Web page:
It should also be appreciated that method 400 may alternatively be used with any medical device, including devices 10 and 110, and any similar devices having a similar configuration. For example, method 400 may likewise be used to produce, from a patient-specific data set, any medical device intended for placement against an external tissue (e.g., skin) or implantation against an internal tissue (e.g., a bladder).

Yet another aspect of the present disclosure is a measurement device configured to generate a patient-specific data set usable within method 400 to produce device 10, device 110, and the like. An exemplary measurement device 500 is depicted in FIG. 6 as an elongated, pen-like object. Measurement device 500 may be used like needle 4 to generate the patient-specific data set by automatically capturing the geometric data associated with a plurality of positions of device 500 relative to origin point O′. For example, device 500 may be pivoted about origin point O′ to establish the patient-specific data set using either the bull's eye technique or the triangulation technique (e.g., as depicted in FIGS. 3A-C) by automatically or manually recording the geometrical relationship of device 500 relative to skin 3.

According to one aspect, as shown in FIG. 6, measurement device 500 may comprise an elongated body 510 extending along a longitudinal axis A′-A′ between a distal or contact point 512 and a proximal end 516. Body 510 may be grasped by a hand, much like needle 4. Contact point 512 may, in some aspects, be configured to physically engage a tissue (e.g., a portion of skin 3) and establish a pivot or origin point O′ for device 500. Device 500 may include one or more positional sensors for determining, in real-time, the position of longitudinal axis A′-A′ (and thus device 500) relative to origin point O′. For example, device 500 of FIG. 6 has a first sensor bay 513 at contact point 512 and a second sensor bay 517 distal of proximal end 516. Bays 513 and 517 may each include a plurality of ultrasound transducers configured to determine distances between body 510 and the tissue. When contact point 512 is engaged with an exemplary portion of skin 3, and body 510 is pivoted, first sensor bay 513 may remain in a fixed position relative to second sensor bay 517, allowing for determination, with one of the ultrasound transducers, a distance between second sensor bay 517 and skin 3 in at least one plane. A plurality of similar distances can be determined in other planes and integrated to geometrically define aspects of the patient-specific data set, such as the position of axis A′-A′ relative to origin point O′.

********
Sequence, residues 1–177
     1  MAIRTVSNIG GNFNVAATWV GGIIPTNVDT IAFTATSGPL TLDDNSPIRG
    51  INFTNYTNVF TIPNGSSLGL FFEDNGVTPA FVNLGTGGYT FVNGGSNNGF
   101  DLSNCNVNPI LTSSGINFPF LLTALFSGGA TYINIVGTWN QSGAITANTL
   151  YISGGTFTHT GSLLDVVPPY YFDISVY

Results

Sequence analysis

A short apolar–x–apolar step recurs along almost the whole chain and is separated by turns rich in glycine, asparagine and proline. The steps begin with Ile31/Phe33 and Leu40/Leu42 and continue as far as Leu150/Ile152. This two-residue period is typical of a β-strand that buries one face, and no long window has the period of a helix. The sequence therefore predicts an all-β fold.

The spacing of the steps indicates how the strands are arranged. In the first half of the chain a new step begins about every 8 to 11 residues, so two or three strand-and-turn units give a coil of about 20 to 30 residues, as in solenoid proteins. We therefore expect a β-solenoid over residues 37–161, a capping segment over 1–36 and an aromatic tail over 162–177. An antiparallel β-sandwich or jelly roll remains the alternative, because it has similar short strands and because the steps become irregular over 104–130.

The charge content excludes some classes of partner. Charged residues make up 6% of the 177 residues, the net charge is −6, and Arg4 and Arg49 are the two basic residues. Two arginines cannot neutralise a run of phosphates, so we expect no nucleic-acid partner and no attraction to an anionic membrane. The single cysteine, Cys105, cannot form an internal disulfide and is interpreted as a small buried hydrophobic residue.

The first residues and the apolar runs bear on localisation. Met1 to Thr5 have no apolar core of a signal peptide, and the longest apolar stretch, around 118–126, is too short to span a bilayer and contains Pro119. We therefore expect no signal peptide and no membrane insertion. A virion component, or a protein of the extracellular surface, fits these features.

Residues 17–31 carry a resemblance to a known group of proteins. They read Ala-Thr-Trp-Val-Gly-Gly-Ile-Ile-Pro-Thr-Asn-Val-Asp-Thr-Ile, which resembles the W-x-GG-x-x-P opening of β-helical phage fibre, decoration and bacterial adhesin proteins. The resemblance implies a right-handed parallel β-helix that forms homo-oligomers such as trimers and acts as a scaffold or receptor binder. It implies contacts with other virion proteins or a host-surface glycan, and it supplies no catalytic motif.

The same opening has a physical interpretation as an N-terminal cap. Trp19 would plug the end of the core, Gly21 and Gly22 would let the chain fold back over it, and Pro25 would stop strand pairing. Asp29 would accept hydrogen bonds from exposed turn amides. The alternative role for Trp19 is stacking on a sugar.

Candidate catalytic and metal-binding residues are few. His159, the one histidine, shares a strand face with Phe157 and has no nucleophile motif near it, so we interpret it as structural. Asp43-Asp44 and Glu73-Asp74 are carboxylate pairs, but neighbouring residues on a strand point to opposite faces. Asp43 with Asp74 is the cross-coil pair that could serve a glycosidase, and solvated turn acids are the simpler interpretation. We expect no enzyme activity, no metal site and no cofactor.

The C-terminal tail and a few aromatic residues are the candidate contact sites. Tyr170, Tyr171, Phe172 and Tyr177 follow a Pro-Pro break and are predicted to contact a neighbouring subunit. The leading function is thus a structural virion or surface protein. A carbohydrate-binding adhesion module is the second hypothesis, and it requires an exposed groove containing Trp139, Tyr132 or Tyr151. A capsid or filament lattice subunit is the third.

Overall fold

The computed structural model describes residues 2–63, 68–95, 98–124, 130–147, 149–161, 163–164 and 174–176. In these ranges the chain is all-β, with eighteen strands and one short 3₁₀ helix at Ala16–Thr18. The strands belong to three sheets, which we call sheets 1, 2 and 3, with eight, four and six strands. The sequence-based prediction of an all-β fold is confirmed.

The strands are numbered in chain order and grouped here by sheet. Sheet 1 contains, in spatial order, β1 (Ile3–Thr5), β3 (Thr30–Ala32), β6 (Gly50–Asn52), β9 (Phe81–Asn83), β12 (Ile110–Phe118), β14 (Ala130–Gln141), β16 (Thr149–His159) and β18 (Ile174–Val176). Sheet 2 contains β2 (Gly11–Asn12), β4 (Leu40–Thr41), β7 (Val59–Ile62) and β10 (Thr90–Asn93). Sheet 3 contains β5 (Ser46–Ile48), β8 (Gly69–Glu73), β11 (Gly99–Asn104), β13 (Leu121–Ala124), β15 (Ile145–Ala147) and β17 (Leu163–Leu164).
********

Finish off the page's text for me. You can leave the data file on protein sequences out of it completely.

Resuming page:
According to one aspect, device 500 includes a controller 518 operable to automatically or manually establish origin point O′ and other aspects of the patient-specific data set. For example, device 510 of FIG. 6 includes a switch 519 operable with controller 518 to establish origin point O′ when a user activates switch 519. Alternatively, first sensor bay 513 may include a pressure sensor operable with controller 518 to establish origin point O′ when contact point 512 is placed against skin 3. Controller 518 may assume the position of each axes X′-X′, Y′-Y′, and Z′-Z′ in the data set, for example, as a Cartesian coordinate system centered on point O′. Other aspects of the patient specific data set may then be determined with this system. For example, as shown in FIGS. 2 and 6, if body 510 is pivoted about origin point O′ using the bull's eye technique, then switch 519 may be activated each time body 510 is aligned with trajectory F-F to geometrically define a plurality of data points on the assumed Cartesian system. In FIG. 6, these data points may be sent by a transmitter 521 to one or more processors configured to determine, for example, the patient specific insertion path therefrom.

Aspects of method 400 may be modified to incorporate measurement device 500. Any aspect of method 400 described herein may be modified according to the functional and structural features of device 500 described above. For example, as described above, method 400 at 420 may be performed with device 500 responsive to controller 518 and/or switch 519.